Last month, the Obama administration announced the creation of the Cyber Threat Intelligence Integration Center (CTIIC), a 50-person agency responsible for analyzing and coordinating responses to cyberthreats. He said that the Defense Department’s structure of having a single military commander in charge of all operations in a particular region — the way a four-star commander runs United States Central Command — was an efficient structure that led to better accountability.
The head of the CIA’s operation arm retired abruptly in January after voicing concerns about the plan, say two former CIA officials who know him but spoke on condition of anonymity because they weren’t authorized to discuss internal agency matters. The CIA will also significantly boost its leadership training and talent development efforts, which have been compared unfavorably to those of the military, Brennan said. But he is changing some names, including restoring the old moniker “Directorate of Operations,” to the spying arm, the name it had before being rebadged the National Clandestine Service in 2005. He avoided citing any specific examples of how the C.I.A.’s current structure was hampering operations, and often used management jargon while describing his vision for the agency.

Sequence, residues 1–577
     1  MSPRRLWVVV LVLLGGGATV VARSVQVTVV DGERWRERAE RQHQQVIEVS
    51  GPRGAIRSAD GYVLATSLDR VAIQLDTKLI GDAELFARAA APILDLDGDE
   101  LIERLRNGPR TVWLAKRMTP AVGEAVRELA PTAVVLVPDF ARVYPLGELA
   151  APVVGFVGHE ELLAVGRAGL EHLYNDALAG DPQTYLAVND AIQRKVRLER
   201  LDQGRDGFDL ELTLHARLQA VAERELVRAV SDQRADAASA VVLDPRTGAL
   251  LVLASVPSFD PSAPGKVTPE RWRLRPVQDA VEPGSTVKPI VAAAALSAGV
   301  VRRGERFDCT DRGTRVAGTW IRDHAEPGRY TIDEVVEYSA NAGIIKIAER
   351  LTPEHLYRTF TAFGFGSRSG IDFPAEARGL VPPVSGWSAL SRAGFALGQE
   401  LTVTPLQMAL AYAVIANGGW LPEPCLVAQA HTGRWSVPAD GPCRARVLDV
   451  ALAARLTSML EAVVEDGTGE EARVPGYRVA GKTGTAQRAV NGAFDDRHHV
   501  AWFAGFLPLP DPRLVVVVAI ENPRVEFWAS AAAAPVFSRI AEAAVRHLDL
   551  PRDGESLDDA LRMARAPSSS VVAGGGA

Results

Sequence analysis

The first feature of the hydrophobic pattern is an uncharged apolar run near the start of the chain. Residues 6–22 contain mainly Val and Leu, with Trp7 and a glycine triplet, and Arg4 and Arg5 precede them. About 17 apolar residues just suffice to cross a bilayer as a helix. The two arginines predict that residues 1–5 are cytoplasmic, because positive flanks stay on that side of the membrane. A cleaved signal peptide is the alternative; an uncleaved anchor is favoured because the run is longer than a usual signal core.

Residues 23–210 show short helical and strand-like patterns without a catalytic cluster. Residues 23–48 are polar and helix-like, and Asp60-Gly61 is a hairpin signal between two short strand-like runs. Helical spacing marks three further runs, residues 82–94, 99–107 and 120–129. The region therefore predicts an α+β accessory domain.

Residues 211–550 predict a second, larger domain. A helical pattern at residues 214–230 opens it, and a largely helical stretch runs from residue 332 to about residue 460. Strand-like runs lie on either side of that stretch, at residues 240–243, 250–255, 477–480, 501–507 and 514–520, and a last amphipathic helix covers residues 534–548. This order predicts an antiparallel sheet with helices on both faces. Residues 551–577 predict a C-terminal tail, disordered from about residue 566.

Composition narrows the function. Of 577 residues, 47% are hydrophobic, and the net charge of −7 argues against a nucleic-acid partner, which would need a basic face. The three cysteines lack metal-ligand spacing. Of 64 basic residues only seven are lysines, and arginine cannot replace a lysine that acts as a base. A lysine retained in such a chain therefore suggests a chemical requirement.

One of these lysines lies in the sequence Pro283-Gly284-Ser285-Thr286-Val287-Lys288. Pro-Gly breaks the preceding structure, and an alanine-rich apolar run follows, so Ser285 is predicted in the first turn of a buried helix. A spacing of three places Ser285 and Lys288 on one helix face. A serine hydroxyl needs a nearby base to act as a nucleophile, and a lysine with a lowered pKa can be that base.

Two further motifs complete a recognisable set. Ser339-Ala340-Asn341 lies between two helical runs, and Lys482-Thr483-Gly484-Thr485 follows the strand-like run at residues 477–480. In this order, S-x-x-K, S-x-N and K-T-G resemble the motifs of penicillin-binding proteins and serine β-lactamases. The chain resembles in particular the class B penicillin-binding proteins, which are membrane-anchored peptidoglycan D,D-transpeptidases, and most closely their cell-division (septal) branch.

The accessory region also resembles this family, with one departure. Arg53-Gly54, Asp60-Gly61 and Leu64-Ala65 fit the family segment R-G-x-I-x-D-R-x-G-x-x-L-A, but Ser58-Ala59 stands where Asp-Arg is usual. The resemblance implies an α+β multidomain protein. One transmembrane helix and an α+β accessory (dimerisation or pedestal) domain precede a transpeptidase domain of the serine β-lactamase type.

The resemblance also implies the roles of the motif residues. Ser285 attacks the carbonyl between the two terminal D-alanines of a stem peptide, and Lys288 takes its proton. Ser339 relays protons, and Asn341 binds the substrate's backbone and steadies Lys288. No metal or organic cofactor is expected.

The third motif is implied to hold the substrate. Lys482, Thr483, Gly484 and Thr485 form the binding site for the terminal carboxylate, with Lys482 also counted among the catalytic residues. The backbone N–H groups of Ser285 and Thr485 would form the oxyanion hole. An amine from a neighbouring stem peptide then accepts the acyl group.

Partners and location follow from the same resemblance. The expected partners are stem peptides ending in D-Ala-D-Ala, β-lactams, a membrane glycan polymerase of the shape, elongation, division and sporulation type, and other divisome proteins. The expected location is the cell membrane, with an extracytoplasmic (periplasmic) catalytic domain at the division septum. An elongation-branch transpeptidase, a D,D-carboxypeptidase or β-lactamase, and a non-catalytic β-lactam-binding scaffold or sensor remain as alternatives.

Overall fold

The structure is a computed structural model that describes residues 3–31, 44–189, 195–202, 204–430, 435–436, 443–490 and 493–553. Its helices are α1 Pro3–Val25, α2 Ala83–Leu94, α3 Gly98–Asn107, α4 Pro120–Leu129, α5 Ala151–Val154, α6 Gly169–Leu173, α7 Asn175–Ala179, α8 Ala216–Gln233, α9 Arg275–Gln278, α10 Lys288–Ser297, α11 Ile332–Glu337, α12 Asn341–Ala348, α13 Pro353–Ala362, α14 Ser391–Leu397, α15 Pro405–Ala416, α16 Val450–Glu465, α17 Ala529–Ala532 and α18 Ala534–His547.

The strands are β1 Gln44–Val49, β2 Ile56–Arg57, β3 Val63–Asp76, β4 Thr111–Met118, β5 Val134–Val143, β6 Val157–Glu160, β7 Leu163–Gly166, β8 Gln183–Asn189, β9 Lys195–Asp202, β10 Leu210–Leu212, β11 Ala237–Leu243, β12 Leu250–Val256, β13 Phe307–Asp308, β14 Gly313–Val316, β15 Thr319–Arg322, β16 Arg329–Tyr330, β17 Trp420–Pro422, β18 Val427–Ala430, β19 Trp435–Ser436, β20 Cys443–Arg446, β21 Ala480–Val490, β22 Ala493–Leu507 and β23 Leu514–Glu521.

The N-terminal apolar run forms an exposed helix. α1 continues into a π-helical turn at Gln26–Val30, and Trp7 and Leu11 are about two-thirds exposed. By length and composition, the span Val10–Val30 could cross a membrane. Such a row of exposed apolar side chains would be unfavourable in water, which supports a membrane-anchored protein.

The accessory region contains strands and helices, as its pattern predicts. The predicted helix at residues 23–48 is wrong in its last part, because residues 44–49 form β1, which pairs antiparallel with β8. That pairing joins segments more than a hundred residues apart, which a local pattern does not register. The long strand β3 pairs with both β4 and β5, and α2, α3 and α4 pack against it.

Brennan discussed his plans with reporters on the condition that nothing be made public until he met with C.I.A. employees to discuss the new structure. Brennan said this was the very thing he was trying to avoid — reacting to the world’s crises and not giving policy makers sufficient warning before they happened.